Scary Stories To Tell In The Dark Review: Kids’ Horror Movies Deserve To Be Scary Too Sleep with the nightlight on

3.5

Summary

Director André Øvredal adapts the childrens’ horror series with a dark elegance.

Good children’s’ horror seems like it’s hard to come by these days. While there is certainly a place for spooky-themed films that are exciting and only mildly daunting for smaller tykes, it seems like the kids’ horror films that are actually meant to scare are few and far between. The exceptions come along from time to time, such as the surprisingly eerie Coraline from 2009, which didn’t hold back in its horrifying stop-motion creation of terror, or even last year’s The House With A Clock In Its Walls, in which Eli Roth casually portrayed demonic rituals and necromancy in a way that surely sent most kids in attendance bawling out of the auditorium (I, for one, thought it was cool!). There aren’t enough kid horror movies that are actively trying to scare the absolute **** out of their target demographic is what I’m trying to say. This is where Scary Stories To Tell In The Dark comes in.  

Though indeed rated PG-13, this adaptation of the series of adolescent horror books written by Alvin Schwartz has its sights mostly set on an audience that skews younger, as to be expected. After all, those books have fostered a nostalgic remembrance among those who grew up in the ’80s, and have endured in the decades since, scarring multiple generations of unsuspecting kids. Instead of going the potential anthology route, the film crafts a plot around several of the disparate stories, focusing in on a group of young teens at the tail end of the ’60s who, while investigating the abandoned house of local legend Sarah Bellows, stumble upon a book of stories seemingly written by Sarah. A creepy Halloween excursion soon turns into real terror as it seems an unknown force is writing frightening new stories in the book, and they’re being adapted in real life one-by-one. What ensues in terms of plot ultimately feels like a watered-down teeny-bopper mystery, as our protagonists are forced to become amateur sleuths to figure out just how they can stop the book. It’s a satisfactory effort in trying to tie in these disconnected stories into a larger throughline, though it feels like a purely perfunctory method of having an acceptable story to thread the horror set-pieces together, to be sure. 

But what set-pieces they are! Scary Stories to Tell in the Dark shines when it’s at its spookiest; a horror fright-fest aimed at younger audiences that doesn’t shy away from what they came to see. It’s truly refreshing to see a horror film that so brazenly shows off its monsters because it knows it has the design and the effects (both practical and digital) to back it up. The sequences of horror carry a gleeful delight at the prospect of scaring you: an adept cinematic recreation of the way these stories play when being read aloud by your childhood best friend in the dark of the woods around a campfire. While they carry the same haunted-house-fun-ride energy that has been popularized in the 2010s by an attempt to imitate James Wan’s style of audacious, pop filmmaking, they also are infused with a sense of genuinely macabre weirdness. The shameless embrace of no-nonsense, wacked-out scares that’s as effective for adults as it is for kids is wonderful to experience in the current-age of art-house “elevated horror” (which has its own merits, don’t get me wrong), or when considering the fact that most horror flicks that try to truly champion the genre fail to do it justice. Though directed by André Øvredal, this has writer/producer Guillermo del Toro’s fingerprints all over it in terms of atmosphere and design. However, a fear of monsters and the supernatural isn’t the only thing on the film’s mind.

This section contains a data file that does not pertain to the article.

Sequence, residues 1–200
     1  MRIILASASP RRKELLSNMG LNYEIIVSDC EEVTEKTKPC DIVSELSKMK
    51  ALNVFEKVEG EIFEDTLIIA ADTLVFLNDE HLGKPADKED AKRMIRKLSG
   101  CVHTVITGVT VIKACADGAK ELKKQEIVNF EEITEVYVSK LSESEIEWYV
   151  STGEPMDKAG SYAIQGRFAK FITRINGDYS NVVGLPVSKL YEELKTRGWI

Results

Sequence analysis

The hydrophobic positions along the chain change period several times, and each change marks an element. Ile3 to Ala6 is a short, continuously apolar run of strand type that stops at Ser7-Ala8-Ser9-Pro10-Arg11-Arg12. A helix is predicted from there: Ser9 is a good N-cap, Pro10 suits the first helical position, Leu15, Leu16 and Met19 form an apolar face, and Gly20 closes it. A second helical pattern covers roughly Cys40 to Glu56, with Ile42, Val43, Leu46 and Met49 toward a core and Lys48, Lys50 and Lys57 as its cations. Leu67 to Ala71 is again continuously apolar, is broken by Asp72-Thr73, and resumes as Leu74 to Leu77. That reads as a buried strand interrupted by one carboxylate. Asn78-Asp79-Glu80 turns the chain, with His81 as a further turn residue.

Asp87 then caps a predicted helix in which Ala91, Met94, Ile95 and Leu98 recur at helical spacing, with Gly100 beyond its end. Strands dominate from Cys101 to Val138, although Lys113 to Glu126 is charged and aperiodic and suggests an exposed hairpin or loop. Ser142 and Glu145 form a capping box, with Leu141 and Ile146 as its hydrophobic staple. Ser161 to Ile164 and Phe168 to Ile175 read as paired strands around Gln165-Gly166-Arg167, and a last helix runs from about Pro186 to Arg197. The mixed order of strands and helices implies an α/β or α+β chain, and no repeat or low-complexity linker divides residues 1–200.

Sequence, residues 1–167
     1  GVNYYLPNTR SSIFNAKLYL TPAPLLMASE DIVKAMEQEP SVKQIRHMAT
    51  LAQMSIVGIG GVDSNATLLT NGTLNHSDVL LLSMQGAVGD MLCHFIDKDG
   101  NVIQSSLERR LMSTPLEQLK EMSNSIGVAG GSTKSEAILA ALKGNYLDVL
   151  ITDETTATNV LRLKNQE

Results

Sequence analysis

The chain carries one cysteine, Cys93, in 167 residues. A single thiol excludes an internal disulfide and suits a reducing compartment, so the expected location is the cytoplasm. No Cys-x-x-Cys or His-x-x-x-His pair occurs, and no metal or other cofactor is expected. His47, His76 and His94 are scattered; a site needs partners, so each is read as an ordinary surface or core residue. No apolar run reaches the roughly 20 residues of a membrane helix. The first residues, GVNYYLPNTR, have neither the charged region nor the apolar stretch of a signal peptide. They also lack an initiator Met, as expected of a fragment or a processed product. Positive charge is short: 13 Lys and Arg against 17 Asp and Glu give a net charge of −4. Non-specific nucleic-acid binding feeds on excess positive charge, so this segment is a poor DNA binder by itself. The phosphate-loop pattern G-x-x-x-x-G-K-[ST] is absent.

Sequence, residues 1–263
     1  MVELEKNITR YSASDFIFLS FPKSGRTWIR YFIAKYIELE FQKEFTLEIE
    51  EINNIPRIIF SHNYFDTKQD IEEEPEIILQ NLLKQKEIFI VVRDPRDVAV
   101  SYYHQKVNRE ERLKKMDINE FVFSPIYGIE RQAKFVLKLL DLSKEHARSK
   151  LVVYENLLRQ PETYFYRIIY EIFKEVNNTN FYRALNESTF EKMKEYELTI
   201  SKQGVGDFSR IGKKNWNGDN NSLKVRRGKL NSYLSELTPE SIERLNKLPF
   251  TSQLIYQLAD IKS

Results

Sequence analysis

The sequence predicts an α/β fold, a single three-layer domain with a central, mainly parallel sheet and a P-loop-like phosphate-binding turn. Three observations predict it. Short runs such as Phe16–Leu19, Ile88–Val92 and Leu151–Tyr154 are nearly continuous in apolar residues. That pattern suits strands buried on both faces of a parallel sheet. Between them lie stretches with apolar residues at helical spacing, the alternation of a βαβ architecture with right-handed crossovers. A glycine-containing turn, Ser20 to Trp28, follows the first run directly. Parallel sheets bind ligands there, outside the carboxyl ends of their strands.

Being set in 1968, Scary Stories has surprising thematic DNA in common with another recent release from a certain prominent filmmaker titled Once Upon A Time… In Hollywood. Although the latter views the end of the ‘60s through the lens of the demise of Hollywood’s Golden Age and with a focus on the Manson Family, the former tackles the existential fears of the onset of the ‘70s from the perspective of kids in blue-collar suburban America. Anti-Nixon posters are strewn across buildings, racism is rampant, and the Vietnam War is raging overseas. The terror of Scary Stories isn’t just that of monsters and ghouls, it’s the steady realization of how those who hold power over us are just as dangerous: the horror story is all around us. Young kids being drafted into a war they don’t want to fight is just as horrifying as any boogeyman. Just watch as a monster calls one of our leads a coward for not wanting to fight, as Nixon wins his reelection on a television in the background. It’s pretty damning stuff, and though maybe the messaging is on-the-nose, this vision of suburban Americana being terrorized by monsters both supernatural and political in nature personally made for a sobering viewing experience from a film that doesn’t want you to forget just how real some of its scares are. Scary Stories to Tell in the Dark is an uneven film, but one that’s hard not to appreciate.

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